the Word to them----that our hearts also burn within us as we experience the
fire the stories mediate to us.
The author is an experienced preacher and speaks from his
personal experience. He admits that he had fallen into a "utilitarian approach"
which preachers will recognize: he would go to the text, stare at the gospel and
hope something would "pop up" in time for preaching. But he found this method of
preparing deadly. He suggests we need to "apprentice" ourselves to the story; by
entering into a period of creative listening to the text. To do this he proposes
a series of "moves"—major steps in an intense listening process. These moves
parallel the classical approach to scripture: "Lectio’ (reading), "Meditatio"
(meditation), "Oratio" (prayer), "Contemplatio" (contemplation) and "Operatio"
(action). He summarizes these five steps into three: Study, Mediation and
Integration. He says he "shuttles" back and forth between them.
STUDY or "Careful Attention"—the phase in which he seeks help
from scriptural scholars. But he warns that as valuable as the work of gifted
biblical scholars is, this stage is not a substitute for personal engagement.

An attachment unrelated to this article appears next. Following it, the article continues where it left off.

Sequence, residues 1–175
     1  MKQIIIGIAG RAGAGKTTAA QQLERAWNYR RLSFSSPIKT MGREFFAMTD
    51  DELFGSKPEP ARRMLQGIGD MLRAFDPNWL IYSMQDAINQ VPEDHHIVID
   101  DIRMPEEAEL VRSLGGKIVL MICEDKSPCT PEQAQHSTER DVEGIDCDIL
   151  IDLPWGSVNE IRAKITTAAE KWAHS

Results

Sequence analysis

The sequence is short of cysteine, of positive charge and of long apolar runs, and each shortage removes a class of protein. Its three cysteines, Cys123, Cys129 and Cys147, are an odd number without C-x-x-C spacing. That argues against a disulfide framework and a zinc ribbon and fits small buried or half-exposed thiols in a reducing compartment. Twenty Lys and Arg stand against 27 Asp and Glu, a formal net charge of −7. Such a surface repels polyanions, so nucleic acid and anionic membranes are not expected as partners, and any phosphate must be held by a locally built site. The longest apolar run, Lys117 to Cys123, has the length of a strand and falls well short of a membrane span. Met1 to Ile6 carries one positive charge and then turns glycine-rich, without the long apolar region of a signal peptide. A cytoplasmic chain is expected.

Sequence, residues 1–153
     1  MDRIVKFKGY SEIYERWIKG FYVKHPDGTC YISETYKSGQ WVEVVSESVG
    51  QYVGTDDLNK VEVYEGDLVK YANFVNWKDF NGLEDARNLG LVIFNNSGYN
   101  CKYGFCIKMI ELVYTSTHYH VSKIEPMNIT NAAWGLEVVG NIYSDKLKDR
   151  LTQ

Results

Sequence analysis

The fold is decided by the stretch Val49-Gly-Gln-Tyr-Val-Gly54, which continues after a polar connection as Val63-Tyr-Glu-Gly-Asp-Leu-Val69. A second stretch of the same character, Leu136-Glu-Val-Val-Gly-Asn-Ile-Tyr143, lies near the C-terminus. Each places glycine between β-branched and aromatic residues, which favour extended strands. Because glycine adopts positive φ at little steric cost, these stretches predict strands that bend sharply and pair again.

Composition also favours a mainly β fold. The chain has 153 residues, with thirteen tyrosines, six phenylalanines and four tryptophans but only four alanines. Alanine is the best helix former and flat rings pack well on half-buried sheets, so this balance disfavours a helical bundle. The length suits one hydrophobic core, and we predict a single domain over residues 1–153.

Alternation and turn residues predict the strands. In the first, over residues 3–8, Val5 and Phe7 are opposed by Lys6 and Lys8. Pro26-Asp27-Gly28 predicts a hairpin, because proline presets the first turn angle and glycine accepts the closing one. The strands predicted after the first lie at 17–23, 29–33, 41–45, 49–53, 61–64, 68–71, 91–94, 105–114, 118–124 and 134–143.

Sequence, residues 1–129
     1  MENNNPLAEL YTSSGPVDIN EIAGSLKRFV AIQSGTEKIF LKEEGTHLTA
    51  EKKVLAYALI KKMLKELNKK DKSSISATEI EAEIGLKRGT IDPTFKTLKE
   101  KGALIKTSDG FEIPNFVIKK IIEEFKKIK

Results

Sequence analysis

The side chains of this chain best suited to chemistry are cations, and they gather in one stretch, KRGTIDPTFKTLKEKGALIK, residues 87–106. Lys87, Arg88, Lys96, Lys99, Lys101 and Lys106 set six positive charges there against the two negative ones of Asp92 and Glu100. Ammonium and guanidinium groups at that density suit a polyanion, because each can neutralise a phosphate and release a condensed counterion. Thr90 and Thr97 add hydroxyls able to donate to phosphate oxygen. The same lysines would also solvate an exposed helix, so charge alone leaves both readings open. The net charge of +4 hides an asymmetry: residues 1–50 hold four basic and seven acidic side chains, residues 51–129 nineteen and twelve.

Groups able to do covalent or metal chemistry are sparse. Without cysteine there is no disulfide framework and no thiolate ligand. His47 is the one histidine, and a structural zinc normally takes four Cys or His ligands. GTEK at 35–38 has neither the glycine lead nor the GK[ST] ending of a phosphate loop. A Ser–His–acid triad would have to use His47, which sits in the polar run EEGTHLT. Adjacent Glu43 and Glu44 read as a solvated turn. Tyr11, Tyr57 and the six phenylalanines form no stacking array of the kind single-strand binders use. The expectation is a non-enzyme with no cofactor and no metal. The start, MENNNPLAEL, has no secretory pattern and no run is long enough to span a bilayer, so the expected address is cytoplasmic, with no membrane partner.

Preaches must creatively interact with the text, otherwise there will be no
illumination. When we "apprentice" ourselves to the text, we discover an
emerging wisdom for our lives. The fruit of this apprenticeship is a
"alternative spiritual language and a symbolic understanding of the people,
places and things involved" (page 59). But, though spiritual wisdom begins to
emerge at this stage, study is not the end of the process.
MEDITATION or "Personal Witness." Here the spirit of the text
awakens our own spirit, stirring our mind to see and understand. Here we are
enlightened, even if only for a moment, with spiritual wisdom. At this stage the
wisdom we receive moves the story towards a universal application and this we
preachers will recognize as a very "preachable" moment as we discover a common
human condition addressed by the text. Here we experience illumination and begin
to see more clearly.
INTEGRATION—"THE TREASURING OF WISDOM." At this stage Shea
suggests we "play Mary." He notes how Jesus’ mother pondered the Word she heard
and treasured it in her heart. We "hold fast" to this "treasuring stage," for it
begins a process of integration, when an initial spiritual insight begins to